Matches Made in Heaven (and Jail):  Look at the Troubled Dogs Saved From Euthanasia by Doting Inmates
By  Ryan Morris / Good News Network
Photos By Adam Goldberg / AGold Photo


In Florida, this program is pairing abused dogs with incarcerated men – and it is offering hope and promising futures for both.

The TAILS, or Teaching Animals and Inmate Life Skills program, focuses their rehabilitation efforts on dogs plagued by abusive backgrounds. Since their behavioral issues keep the pups from being adopted, they are at risk of euthanization if they aren’t properly trained.

Each dog is cared for by two inmates, one trainer, and one handler. The inmates are responsible for engaging the dogs with training exercises, play, and plenty of affection. The program lasts two to three months, and is recognized by the Association of Professional Dog Trainers, which offers inmates considerable work-related experience.

What is perhaps even more significant than the qualifications that the inmates receive from the program is the sensation of receiving unconditional love – one that is foreign to many of the convicts.

Similarly to the dogs they train, these prisoners have seldom known the luxury of a supportive environment, and for many, the relationships they form with the dogs are the first to offer them empathy, affection, and love.

Adam Goldberg, a photographer who was recently granted permission to observe and photograph the training process inside the prison, told Good News Network: “Seeing the inmates in their living quarters, with the rescue dogs, was an amazing experience. The dogs were so well cared for and so attentive to their inmate handler and trainer.”

Over the course of the last three years, TAILS has saved over 500 dogs with their unique training method, and they are continuing to seek out new rescues who can have pawsitive impacts on their human counterparts.

“It was very evident that the dogs rely on the inmates just as much as the inmates rely on the dogs,” Goldberg added.


Please check out the Pit Sisters and T.A.I.L.S website to learn more and see how you can support their efforts.

All Photography by AGold Pet Photography

Offering Their Fullest Humanity

Offering Their Fullest Humanity

This story resonates so deeply with me. Vijay Gupta, Founder of Street Symphony, is making a difference in Los Angeles in a deeply beautiful way.  His passion and grace is palpable and his desire to do right in the world is inspiring.  If you would like to learn more about the work he is doing with Street Symphony please checkout their Website.  Better yet, Donate Here to help support their continued efforts to bring music to the masses.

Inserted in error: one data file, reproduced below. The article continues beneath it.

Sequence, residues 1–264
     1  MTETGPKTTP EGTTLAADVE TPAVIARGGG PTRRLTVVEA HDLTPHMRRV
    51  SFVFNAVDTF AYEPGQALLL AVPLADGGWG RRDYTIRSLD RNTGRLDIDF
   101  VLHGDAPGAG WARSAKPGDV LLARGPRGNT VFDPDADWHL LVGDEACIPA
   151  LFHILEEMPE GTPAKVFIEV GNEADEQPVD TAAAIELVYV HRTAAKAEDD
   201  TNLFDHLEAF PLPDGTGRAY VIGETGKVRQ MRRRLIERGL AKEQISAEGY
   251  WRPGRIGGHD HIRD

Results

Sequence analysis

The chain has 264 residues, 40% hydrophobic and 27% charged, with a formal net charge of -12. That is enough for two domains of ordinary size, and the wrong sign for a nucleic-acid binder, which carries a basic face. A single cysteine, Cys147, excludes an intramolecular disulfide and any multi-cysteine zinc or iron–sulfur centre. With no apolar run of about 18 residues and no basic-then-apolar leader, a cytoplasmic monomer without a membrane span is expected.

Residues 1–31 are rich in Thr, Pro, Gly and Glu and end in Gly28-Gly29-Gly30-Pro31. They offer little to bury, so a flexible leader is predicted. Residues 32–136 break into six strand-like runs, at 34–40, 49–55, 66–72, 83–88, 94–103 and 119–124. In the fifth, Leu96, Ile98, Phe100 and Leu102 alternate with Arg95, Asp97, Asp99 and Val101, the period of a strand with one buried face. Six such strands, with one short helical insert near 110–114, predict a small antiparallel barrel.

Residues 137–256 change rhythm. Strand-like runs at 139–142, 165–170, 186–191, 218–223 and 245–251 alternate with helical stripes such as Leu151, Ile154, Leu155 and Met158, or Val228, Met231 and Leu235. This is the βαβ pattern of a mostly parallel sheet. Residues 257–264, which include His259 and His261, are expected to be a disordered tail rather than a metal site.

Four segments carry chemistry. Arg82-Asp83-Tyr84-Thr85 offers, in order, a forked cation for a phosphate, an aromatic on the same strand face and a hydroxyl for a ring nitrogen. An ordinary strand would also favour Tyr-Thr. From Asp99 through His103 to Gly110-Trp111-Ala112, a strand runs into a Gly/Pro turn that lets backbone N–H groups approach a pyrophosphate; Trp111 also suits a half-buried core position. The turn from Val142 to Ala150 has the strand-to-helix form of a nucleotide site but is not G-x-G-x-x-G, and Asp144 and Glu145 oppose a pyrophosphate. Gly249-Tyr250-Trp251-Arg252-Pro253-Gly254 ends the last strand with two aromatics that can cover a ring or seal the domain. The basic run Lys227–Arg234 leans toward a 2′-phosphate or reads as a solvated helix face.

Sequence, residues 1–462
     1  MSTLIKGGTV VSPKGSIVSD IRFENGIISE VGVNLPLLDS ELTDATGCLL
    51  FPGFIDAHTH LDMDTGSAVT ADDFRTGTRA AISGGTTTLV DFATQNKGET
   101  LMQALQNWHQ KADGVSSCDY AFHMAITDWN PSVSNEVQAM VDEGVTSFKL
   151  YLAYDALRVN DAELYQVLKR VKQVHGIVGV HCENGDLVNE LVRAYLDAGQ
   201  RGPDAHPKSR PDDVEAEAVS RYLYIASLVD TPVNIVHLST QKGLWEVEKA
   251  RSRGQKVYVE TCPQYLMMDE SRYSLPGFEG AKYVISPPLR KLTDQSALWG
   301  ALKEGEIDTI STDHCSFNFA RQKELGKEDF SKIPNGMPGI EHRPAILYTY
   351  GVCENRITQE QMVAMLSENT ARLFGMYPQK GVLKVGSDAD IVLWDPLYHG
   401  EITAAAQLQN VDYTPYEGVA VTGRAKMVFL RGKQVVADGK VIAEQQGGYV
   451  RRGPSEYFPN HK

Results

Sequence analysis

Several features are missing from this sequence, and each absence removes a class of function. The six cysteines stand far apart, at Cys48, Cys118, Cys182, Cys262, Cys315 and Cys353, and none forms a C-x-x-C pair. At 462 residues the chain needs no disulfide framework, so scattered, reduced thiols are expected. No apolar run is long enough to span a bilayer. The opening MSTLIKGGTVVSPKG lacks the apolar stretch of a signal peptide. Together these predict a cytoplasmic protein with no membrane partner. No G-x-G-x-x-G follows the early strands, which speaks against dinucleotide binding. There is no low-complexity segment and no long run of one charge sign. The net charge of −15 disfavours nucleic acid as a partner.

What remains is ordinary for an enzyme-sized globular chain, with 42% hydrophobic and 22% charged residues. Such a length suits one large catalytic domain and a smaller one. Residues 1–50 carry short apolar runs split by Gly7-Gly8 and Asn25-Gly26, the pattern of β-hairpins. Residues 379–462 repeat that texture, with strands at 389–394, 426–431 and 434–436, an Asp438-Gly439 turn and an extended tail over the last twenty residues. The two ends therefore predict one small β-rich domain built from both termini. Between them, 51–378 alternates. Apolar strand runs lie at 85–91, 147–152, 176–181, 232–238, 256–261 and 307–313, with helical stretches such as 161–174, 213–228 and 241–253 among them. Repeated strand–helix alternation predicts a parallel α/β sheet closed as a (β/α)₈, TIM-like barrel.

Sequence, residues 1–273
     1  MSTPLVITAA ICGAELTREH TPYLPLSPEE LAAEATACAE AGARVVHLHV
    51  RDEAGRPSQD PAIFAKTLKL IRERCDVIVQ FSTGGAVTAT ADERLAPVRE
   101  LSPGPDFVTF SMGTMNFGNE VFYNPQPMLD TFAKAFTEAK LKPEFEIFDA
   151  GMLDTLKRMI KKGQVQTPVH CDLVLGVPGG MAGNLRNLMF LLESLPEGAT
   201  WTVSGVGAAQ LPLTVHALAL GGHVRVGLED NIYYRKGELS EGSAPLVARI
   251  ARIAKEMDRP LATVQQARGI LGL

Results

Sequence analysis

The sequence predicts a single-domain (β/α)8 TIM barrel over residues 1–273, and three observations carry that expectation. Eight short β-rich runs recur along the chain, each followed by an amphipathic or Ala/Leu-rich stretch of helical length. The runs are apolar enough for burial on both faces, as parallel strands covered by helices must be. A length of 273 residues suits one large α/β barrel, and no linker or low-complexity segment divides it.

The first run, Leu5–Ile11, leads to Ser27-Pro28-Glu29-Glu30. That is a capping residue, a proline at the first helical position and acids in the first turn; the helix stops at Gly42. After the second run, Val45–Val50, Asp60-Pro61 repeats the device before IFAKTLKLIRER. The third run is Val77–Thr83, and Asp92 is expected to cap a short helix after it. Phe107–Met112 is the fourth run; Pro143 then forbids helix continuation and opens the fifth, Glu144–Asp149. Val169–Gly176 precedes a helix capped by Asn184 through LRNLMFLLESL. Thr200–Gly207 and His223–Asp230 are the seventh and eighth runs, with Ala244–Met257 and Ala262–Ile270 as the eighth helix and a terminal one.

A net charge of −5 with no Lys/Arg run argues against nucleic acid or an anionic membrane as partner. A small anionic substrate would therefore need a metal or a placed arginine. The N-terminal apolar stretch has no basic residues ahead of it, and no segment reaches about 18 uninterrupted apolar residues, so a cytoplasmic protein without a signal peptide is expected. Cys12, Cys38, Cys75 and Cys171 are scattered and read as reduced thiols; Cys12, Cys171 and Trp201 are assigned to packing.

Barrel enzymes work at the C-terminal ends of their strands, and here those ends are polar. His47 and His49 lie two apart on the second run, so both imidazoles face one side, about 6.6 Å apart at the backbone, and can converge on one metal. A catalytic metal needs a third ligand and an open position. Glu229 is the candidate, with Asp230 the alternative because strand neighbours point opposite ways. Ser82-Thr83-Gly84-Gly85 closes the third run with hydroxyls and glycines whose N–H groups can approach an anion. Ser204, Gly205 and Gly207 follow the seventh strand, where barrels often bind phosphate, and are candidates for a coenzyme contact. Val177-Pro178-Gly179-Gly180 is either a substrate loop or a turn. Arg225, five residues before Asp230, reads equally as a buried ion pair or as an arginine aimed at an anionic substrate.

“When we make music in skid row it isn’t about doing something for the homeless it’s about understanding our neighbor.”  ~Vijay Gupta

Street Corner Symphonies
by: Great Big Story

Los Angeles’s Skid Row has been stuck at the center of America’s epidemic of homelessness. It is also located right next to the Walt Disney Music Hall, home to the LA Philharmonic, one of the country’s top orchestras. Wanting to give back to his neighbors, the philharmonic’s first violinist, Vijay Gupta, has been taking his talents to the streets. To date, Gupta and his fellow musicians have played over 500 free concerts in Skid Row—for the violinist, it’s all about understanding and acknowledging the humanity in your neighbors.

Helping Others Dress for Success

Helping Others Dress for Success

Story: If You Have A New York Public Library Card, You Can Now Borrow Ties And Handbags, by Samantha Raphelson / NPR (9/21/18)

The New York Public Library lends out much more than just books, and now that includes clothes.

The library’s Riverside branch on the West Side of Manhattan is testing a pilot program that allows patrons to borrow neckties, briefcases and handbags – provided they have fines of less than $15 on their library cards. The idea is to help people with limited resources get access to suitable clothing and accessories for job interviews, graduations and other formal events, according to the library website.

The “Grow Up Work Fashion Library” was created by Michelle Lee, a young adult librarian at the Riverside branch who works with students at a nearby high school to prepare for job interviews, says Kimberly Spring, network manager of the Riverside area of branches for the New York Public Library.

Photo: Gabriella Angotti-Jones/The New York Times